By Sharman, Paul A.
CMA - the Management Accounting Magazine , Vol. 71, No. 5
Here is a way to ensure that process re-engineering will produce positive bottom-line benefits in terms of customer service, employee behavior, cycle-time reduction, and cost savings.
Thousands of organizations have attempted to use process re-engineering techniques during the past five years, but many applications are considered to be failures. This is often the case because of unrealistic expectations, inadequate analysis, and a lack of understanding about human behavior.
Two years ago a Business Week magazine article chronicled the woes of consultants Hammer and Champy as they blamed middle management for the failure of process re-engineering. The argument in the article implied that it was not the fault of the consultants who were responsible for providing advice to management. But, shouldn't the consultants have anticipated the problems? What they lacked was an adequate measurement framework with which to plan re-engineering work, and monitor implementation, performance, and results.
Measure performance to manage performance
On occasion, I have been asked to evaluate the benefits of planned process re-engineering projects, where the design work is complete, but initiatives are not yet fully implemented. One recent example of this serves to illustrate the theme of this article. It relates to a company that had a team of employees working for a year to re-engineer what had been identified as "the critical process." It was called the "order-to-cash process," which began with customer-order generation, and ended with cash being received. Expected re-engineering benefits included improvements in cycle time, accuracy of order fulfillment, consistent on-time performance, and substantial savings. Management's goal was to reduce division payroll cost by 20 per cent. This expectation was based on an analysis of strategy that was used to identify the critical process. It appeared reasonable to everyone that because the "order-to-cash process" was the critical process, then, by definition, it was the one that consumed the vast majority of resources employed by the company.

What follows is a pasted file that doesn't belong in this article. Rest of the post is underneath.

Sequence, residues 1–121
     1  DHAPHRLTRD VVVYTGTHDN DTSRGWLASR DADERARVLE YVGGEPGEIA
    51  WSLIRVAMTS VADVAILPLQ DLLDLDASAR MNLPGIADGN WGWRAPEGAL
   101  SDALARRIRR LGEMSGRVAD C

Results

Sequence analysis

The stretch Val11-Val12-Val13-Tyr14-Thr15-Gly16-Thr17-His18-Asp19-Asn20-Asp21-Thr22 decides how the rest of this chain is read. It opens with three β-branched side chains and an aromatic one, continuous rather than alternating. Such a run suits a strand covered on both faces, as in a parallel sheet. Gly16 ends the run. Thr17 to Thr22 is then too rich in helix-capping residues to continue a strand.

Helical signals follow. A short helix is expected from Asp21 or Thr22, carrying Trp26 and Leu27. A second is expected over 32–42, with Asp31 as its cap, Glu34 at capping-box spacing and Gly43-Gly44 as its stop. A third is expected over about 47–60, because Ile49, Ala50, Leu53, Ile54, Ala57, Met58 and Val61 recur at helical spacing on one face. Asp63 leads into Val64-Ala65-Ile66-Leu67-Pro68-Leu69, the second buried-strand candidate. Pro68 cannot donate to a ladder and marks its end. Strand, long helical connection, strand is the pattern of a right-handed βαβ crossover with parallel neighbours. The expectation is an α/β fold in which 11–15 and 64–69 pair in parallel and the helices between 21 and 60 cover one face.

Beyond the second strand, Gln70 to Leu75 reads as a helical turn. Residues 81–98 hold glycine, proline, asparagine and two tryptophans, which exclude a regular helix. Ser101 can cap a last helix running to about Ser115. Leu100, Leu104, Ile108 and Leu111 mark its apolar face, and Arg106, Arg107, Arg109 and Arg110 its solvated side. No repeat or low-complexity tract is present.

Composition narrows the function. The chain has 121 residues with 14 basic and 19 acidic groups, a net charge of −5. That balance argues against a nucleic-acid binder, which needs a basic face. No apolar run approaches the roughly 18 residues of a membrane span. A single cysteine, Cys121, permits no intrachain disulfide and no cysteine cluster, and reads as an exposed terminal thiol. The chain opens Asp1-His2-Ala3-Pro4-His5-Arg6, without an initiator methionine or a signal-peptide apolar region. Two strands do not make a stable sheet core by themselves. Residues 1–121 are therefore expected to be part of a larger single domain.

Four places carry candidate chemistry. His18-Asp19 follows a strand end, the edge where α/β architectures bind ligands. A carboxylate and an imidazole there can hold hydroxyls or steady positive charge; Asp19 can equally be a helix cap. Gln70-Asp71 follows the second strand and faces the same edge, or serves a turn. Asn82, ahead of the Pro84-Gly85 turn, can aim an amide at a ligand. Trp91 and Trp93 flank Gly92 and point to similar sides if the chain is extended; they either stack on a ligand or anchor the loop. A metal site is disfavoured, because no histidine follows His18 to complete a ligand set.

In spite of this perceived logic, the vice-president responsible for the project, who was a canny numbers person, made this request of the team. "Before I approve implementation of your re-engineering recommendations, prove to me that we will achieve the cost-improvement goals."
"Well," the team members sputtered, "we didn't do any analysis of costs. But we know from our process maps that the identified critical process touches every major department - the changes we have suggested are significant, and so it follows that cost will reduce."
The team members knew that to determine the cost benefit of their recommendations would be difficult, subjective, time consuming, and maybe costly. It would certainly require them to go over stuff they had already covered and were already convinced about, and, moreover, they felt it would be boring. After all, the interesting work would be implementation!
Fortunately, the VP prevailed. She instructed the team to hold off while the corporate controller conducted an economic analysis to determine the costs and benefits of recommended process changes.
The controller knew that, to determine the cost of the process, he would have to calculate the cost of the resources consumed by that process. Because steps in the process were performed in virtually every department, a question was raised on whether asking people how much time they spent working on the process, would be adequate. "Will we reconcile to the books?" asked the controller, and, "How will people know when they are spending time working on this process versus others? What about the other things they do, like administration, training, attending meetings and supervising staff? Most people perform all sorts of activities."
After some consideration of these matters, it was decided to undertake a complete analysis of all of the activities that were performed in all of the departments. …